Wednesday, June 06, 2007

General Mahmoud Ahmad

One of the most fervent claims recently by the truthers has been that the US was financing the 9/11 hijackers, through the rather far-fetched route of Pakistani ISI chief Mahmoud Ahmad. They can only make this claim though, by lying about the evidence. For example, from this recent post on 9/11 Blogger:

According to the FBI and as confirmed by various news reports at the time , Pakistani ISI General Mahmoud Ahmad instructed Omar Saeed Sheikh, the alleged assassin of Daniel Pearl, to wire $100,000 to alleged lead hijacker Mohammed Atta in the summer of 2001.

There is no basis for the claim that this was "according to the FBI" at all. A Lexis Nexis search for Mahmoud Ahmad and FBI comes up with absolutely zero hits. A web search also shows nothing more than conspiracy theory websites making this claim.

Additionally, this was not "confirmed by various news reports at the time". This entire story originated in an October 10th, 2001 article in the Times of India. The only thing even approaching any other news report was a citation by the Wall Street Journal's Best of the Web Today, which did nothing more than reference the original Times of India article.

Besides, even if Ahmad had supported Al Qaeda, given the shadowy world of Islamic fundamentalism in Pakistan, that is hardly out of the question, the idea that this ties the operation directly to the US is nebulous at best. The general was hardly an unabashed supporter of the US, in fact he supported the Taliban and opposed the US invasion of Afghanistan, and was fired for this. From the Washington Post, October 7th, 2001:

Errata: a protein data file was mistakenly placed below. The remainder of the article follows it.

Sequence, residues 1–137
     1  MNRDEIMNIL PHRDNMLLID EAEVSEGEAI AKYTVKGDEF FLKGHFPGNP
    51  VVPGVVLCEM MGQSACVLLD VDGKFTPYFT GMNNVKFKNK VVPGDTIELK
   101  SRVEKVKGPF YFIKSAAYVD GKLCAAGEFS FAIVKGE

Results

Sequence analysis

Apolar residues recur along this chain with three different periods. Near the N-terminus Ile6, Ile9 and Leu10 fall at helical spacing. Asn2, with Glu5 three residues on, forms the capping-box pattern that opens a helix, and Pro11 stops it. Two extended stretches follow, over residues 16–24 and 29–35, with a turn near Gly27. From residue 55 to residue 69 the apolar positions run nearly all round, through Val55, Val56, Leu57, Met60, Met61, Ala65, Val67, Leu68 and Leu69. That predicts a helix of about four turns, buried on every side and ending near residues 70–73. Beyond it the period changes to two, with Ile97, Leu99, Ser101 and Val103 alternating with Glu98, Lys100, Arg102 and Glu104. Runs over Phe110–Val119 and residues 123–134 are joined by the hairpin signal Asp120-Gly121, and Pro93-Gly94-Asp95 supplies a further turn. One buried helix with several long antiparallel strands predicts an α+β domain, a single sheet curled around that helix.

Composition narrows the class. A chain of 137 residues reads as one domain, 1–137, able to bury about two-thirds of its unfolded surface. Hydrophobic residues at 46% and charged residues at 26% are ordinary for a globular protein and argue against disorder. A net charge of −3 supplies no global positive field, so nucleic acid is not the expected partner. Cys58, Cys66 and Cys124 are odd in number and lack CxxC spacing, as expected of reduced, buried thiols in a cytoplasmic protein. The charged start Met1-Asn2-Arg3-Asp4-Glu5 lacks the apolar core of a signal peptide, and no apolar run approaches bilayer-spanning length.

Musharraf's sudden overhaul, which included pushing the country's intelligence chief, Gen. Mahmoud Ahmad, into "premature retirement," was intended to rid his security agencies of top officers unwilling to abandon their support of militant Islamic groups and to prevent them from undercutting orders to sever Pakistan's ties with the Taliban, the sources said.

Musharraf's decision last week to aid the U.S.-led campaign against terrorism has angered militant Muslim groups here, many of which have long-standing ties to Pakistan's military and intelligence services. Reflecting concern that Islamic clerics and senior officers could try to destabilize his two-year-old military government, the self-appointed president pushed out at least five prominent officers.



If their evidence is so iron clad, than why do they continously have to lie about it?

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